Objective: To evaluate differences in investigation results and treatment between men and women referred for diagnostic treadmill exercise testing and coronary arteriography.
Design: Cohort study.
Setting: Tertiary cardiology centre.
Subjects: 1522 subjects referred by primary care physicians to an open access chest pain clinic for initial investigation of chest pain, of whom 485 were subsequently referred for coronary arteriography; and a similar cohort of 107 subjects referred directly by secondary care physicians for diagnostic coronary arteriography.
Main outcome measures: Rates of positive exercise tests and rates for referral for arteriography and revascularisation according to sex.
Results: Overall, women were less likely to be referred for arteriography and revascularisation than men. However, men were more likely to have positive exercise tests, and for various exercise test diagnostic end points men were also more likely to have significant coronary artery disease. After taking this into account, there was no sex difference in referral rates for arteriography or revascularisation.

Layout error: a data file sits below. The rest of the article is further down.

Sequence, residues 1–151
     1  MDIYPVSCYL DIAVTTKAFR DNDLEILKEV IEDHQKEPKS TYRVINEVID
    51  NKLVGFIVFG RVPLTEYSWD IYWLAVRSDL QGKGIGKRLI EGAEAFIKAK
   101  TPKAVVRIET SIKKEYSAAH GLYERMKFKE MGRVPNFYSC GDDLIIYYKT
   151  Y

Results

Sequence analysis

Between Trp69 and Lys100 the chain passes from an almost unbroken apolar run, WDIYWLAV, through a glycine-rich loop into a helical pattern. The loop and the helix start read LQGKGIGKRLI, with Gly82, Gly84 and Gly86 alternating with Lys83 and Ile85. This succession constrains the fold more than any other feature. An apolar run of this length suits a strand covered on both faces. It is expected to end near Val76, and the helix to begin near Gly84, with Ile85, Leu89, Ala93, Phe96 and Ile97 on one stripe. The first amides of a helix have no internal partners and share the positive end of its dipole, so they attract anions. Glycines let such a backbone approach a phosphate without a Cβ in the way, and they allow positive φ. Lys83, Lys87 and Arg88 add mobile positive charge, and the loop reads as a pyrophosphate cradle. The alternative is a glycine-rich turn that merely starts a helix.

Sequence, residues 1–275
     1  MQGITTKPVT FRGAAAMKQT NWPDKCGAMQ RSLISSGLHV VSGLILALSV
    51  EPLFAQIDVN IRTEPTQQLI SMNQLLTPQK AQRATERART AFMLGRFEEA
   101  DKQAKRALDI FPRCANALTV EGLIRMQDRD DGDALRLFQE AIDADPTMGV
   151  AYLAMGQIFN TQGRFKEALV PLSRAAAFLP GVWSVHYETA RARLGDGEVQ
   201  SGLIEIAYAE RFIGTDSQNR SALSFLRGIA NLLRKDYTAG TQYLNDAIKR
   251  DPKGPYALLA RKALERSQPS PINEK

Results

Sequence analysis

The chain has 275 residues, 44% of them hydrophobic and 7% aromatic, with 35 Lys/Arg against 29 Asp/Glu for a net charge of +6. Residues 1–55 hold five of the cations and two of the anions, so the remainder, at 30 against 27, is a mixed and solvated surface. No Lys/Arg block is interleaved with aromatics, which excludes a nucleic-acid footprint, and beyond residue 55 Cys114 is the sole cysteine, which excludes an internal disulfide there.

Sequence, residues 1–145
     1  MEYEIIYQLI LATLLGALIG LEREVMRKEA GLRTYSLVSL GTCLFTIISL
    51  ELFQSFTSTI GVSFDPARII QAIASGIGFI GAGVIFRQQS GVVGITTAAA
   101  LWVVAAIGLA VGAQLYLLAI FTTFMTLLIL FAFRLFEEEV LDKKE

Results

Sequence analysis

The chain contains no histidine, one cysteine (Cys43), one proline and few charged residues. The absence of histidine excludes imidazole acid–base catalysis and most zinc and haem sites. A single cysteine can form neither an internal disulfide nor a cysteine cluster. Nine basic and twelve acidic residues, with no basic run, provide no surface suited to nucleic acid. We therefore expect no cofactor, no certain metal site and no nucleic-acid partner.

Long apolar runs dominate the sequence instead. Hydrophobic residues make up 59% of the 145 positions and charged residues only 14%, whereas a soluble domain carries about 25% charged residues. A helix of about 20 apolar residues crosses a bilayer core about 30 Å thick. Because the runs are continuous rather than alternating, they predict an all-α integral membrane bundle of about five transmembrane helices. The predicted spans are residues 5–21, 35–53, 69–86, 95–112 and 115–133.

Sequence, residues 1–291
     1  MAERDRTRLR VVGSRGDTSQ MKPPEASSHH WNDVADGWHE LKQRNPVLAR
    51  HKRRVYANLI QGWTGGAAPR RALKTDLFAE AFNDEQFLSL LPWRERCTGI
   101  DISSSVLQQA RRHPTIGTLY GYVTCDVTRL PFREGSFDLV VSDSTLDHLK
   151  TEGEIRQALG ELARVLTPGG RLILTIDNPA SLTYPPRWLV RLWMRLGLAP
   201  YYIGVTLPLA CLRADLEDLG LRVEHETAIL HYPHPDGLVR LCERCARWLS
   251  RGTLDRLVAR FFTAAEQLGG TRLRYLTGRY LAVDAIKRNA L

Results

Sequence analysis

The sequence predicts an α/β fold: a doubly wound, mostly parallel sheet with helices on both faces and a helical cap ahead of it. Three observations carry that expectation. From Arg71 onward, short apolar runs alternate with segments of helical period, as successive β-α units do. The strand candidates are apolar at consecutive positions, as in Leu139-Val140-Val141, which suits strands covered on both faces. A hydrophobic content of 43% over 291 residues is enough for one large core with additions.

Conclusions: There was no evidence of a sex bias resulting in inappropriate underinvestigation or undertreatment of women. However, the positive predictive value of treadmill exercise testing is low for women and further research is needed into how best to investigate women with chest pain.